The American Humanist Association launched their “Don’t Say the Pledge” Campaign on September 8, citing a recent poll that revealed one-third Americans want the phrase “under God” removed from the existing Pledge of Allegiance. Christian groups however, have contested the poll’s results, saying other polls have shown an overwhelming support in favour of the phrase.
AHA executive director Roy Speckhardt said that the contended phrase in the pledge excludes atheists and hence negates the words that follow.
“We have a responsibility to do what we can to make our pledge an appropriately inclusive one, regardless of whether or not we believe in a God,” Speckhardt said.
Don’t Say the Pledge Campaign was launched after a poll conducted by The Seidewitz Group in association with AHA revealed that as many as one-third Americans find the phrase “under God” to be irrelevant in the pledge. The poll, comprised of six questions, sampled 1,000 American adults and was conducted on May 29 this year. Apart from the fact that 34 percent respondents wanted the phrase removed from the pledge, the study also showed that the respondents’ answers varied significantly when they were informed about the history of the pledge.
The phrase, which was added to the Pledge of Allegiance in 1954, has drawn many legal challenges in the past. For instance, in May this year, the Massachusetts Supreme Judicial Court turned down a lawsuit that wanted “under God” removed from the pledge.
“Although the words ‘under God’ undeniably have a religious tinge, courts that have considered the history of the pledge and the presence of those words have consistently concluded that the pledge, notwithstanding its reference to God, is a fundamentally patriotic exercise, not a religious one. ...The fact that a school or other public entity operates a voluntary program or offers an activity that offends the religious beliefs of one or more individuals, and leaves them feeling ‘stigmatized’ or ‘excluded’ as a result, does not mean that the program or activity necessarily violates equal protection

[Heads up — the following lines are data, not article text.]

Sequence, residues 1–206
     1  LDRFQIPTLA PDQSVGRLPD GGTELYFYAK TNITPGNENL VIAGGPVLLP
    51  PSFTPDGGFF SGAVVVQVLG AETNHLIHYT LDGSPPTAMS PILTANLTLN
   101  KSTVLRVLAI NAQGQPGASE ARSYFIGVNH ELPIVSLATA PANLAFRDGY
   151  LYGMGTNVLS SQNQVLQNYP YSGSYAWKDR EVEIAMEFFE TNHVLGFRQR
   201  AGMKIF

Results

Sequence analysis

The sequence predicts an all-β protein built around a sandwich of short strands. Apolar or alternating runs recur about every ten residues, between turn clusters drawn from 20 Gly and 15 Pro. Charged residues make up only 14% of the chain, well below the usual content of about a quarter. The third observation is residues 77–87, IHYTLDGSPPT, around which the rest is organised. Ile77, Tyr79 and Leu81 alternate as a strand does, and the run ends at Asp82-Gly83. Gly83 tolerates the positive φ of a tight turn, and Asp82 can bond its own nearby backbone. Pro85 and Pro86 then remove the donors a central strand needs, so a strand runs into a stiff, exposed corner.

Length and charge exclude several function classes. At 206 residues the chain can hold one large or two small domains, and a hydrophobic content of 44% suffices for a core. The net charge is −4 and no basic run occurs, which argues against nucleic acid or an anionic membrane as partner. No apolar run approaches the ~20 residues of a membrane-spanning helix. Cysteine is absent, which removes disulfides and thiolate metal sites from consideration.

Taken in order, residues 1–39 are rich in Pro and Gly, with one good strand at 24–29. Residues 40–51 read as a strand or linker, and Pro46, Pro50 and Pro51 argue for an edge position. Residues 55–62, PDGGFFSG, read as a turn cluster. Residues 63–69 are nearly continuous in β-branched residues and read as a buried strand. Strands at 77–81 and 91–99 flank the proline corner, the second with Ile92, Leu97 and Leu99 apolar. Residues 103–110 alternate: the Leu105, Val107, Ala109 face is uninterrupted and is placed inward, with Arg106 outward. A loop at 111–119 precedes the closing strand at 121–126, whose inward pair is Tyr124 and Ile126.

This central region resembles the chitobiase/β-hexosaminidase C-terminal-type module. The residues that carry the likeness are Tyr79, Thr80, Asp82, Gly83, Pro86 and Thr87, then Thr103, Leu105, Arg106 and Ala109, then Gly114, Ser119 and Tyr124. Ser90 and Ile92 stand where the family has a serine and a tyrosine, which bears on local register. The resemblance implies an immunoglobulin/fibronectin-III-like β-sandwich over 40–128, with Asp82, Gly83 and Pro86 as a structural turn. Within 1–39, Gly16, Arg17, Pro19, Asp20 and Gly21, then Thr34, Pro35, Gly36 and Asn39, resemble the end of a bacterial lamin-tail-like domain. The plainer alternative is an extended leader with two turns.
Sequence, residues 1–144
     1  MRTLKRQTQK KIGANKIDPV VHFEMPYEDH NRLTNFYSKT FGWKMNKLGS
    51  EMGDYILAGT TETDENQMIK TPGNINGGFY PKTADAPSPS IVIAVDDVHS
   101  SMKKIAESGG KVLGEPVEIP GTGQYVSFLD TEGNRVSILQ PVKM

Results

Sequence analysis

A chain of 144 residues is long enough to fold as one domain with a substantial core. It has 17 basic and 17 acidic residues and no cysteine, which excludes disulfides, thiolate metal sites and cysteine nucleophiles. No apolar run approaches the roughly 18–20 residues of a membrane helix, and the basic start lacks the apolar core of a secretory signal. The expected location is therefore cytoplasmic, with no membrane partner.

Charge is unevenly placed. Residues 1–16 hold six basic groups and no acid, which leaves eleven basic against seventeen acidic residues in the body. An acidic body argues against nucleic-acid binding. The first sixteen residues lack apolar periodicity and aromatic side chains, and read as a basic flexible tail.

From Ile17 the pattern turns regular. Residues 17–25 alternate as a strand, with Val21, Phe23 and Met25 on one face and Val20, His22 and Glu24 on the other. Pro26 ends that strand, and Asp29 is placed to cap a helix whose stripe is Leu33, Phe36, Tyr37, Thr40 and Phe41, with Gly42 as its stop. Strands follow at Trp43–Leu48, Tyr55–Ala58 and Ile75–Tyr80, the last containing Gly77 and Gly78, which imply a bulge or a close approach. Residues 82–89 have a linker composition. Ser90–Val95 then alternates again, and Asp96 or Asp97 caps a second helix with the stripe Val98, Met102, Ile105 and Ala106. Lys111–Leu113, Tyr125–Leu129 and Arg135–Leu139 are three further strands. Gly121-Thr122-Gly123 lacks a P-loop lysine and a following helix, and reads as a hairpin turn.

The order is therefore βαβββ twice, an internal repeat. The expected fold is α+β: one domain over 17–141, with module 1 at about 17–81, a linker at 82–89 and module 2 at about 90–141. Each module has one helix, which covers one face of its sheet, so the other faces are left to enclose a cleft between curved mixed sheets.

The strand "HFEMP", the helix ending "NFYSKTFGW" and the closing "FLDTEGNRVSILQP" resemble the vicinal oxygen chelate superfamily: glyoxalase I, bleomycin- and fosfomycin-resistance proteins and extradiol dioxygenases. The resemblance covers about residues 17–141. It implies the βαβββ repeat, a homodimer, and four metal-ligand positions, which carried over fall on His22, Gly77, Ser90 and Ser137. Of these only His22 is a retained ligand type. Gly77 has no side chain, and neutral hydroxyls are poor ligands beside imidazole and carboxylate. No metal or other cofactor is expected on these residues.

principles,” concluded the court.
However, Speckhardt argued that Americans have the right to sit out of the pledge if they think it does not cater to them and that is in fact the best way to show one’s support for changing the pledge to its original version, which is definitely more inclusive.
“We don't have a way to keep track of people participating in the sit-out, but we anticipate hearing from a number of those who do. ...I've been asked why we don't advocate for just not saying those two words? If omitting the phrase isn't noticed by others, it isn't entirely honest, since only the speaker will know they've quietly not said them. ...And everyone will falsely assume that there's universal support for the pledge as it is worded. Noticed or not, more is needed to challenge the prejudiced view of government taking sides on God-belief,” Speckhardt said.
Center for Religious Liberty at the Family Research Council director Travis Weber said that he is skeptical about AHA’s campaign. He believes AHA is trying this tactic now because its efforts elsewhere have failed.
“Recent polls have shown that at least nine out of 10 Americans support keeping the pledge as is. Most people can see right through such efforts as those the AHA engages in here; and thus, the group is only increasingly marginalizing itself,” Weber said.
Photo Credit: American Against the Tea Party